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Distracting and risky behaviours while cycling: a comparison of group and non-group riders in Western Australia
  1. Michelle Fraser1,
  2. Lynn B Meuleners1,
  3. Kyle Chow1,
  4. Mark R Stevenson2
  1. 1Curtin-Monash Accident Research Centre, Curtin University, Perth, Australia
  2. 2Melbourne School of Design, Melbourne School of Population and Global Health, The University of Melbourne, Melbourne, Victoria, Australia
  1. Correspondence to Michelle Fraser, Curtin-Monash Accident Research Centre (C-MARC), Curtin University, GPO Box U1987, Perth, WA 6845, Australia; m.fraser{at}curtin.edu.au

Abstract

Background Use of mobile phones and portable audio equipment and alcohol are known to negatively affect cycling ability. Evidence suggests that cyclists may be less likely to engage in these behaviours while riding in a group; however, it is unknown whether group riders are also at reduced risk when participating in non-group riding.

Objective To examine the association between group riding participation and the use of mobile phones and portable audio equipment and alcohol while non-group riding in Perth, Western Australia.

Methods A cross-sectional analysis of an online questionnaire was undertaken. Group and exclusive non-group riders were compared and separate binary logistic regression models were used to examine the association between group riding participation and the use of mobile phones and portable audio equipment and alcohol while non-group riding, controlling for gender, age, education and frequency of non-group riding.

Results Participants included 365 cyclists: 187 exclusive non-group riders (51.2%) and 178 group riders (48.8%). Group riders were less likely to have possibly cycled while over the legal blood alcohol limit in the past 12 months (OR: 0.56, 95% CI 0.34 to 0.92) and were less likely to ever use portable audio equipment (OR: 0.57, 95% CI 0.34 to 0.94) than exclusive non-group riders, while participating in non-group riding. Group riding status was not associated with mobile phone use.

Conclusions This study provides early evidence that there may be differences between group and non-group riders that impact on their safety behaviours while participating in non-group riding.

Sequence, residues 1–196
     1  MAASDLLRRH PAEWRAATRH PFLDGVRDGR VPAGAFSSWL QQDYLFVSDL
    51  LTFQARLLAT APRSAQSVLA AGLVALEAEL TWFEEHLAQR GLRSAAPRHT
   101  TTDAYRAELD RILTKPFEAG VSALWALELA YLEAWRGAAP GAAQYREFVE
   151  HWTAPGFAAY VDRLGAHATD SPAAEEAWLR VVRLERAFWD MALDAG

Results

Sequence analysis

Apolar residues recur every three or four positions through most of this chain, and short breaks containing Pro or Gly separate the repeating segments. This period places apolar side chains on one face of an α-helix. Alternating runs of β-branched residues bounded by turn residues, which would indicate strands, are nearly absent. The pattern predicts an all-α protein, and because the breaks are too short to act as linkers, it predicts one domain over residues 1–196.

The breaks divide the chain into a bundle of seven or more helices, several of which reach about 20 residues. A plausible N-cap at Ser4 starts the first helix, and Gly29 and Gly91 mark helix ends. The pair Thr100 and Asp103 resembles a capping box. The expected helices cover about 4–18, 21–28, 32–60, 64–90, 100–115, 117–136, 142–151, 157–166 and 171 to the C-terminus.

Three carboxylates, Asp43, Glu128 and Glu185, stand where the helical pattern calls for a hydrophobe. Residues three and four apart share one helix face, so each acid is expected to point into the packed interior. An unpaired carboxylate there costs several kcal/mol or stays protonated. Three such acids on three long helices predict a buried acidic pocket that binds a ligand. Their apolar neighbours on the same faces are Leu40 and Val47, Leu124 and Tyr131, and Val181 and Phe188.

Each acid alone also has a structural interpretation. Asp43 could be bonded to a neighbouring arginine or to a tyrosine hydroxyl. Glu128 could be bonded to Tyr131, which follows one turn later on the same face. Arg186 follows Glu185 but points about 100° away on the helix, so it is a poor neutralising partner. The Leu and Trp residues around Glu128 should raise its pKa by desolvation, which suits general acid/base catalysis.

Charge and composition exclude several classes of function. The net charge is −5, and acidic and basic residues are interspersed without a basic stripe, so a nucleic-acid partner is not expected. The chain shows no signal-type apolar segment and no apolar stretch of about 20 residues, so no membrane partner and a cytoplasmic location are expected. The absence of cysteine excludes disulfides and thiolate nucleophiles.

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Footnotes

  • Contributors MF contributed to the conception and design, acquisition of the data, analysis and interpretation of the data, drafting and revising the article, and final approval of the version to be published. LBM contributed to the conception and design, interpretation of the data, revising the article and final approval of the version to be published. KC contributed to acquisition of the data, analysis of the data, revising the article and final approval of the version to be published. MRS contributed to the conception and design, interpretation of the data, revising the article and final approval of the version to be published.

  • Funding This work was supported by Curtin University, through a Curtin University Postgraduate Scholarship. The sponsor had no involvement in the study design, collection, analysis and interpretation of data, writing of the report, or the decision to submit the article for publication.

  • Competing interests None declared.

  • Ethics approval Curtin University Human Research Ethics Committee.

  • Provenance and peer review Not commissioned; externally peer reviewed.

  • Data sharing statement Unpublished data from the study are not available due to confidentiality requirements.

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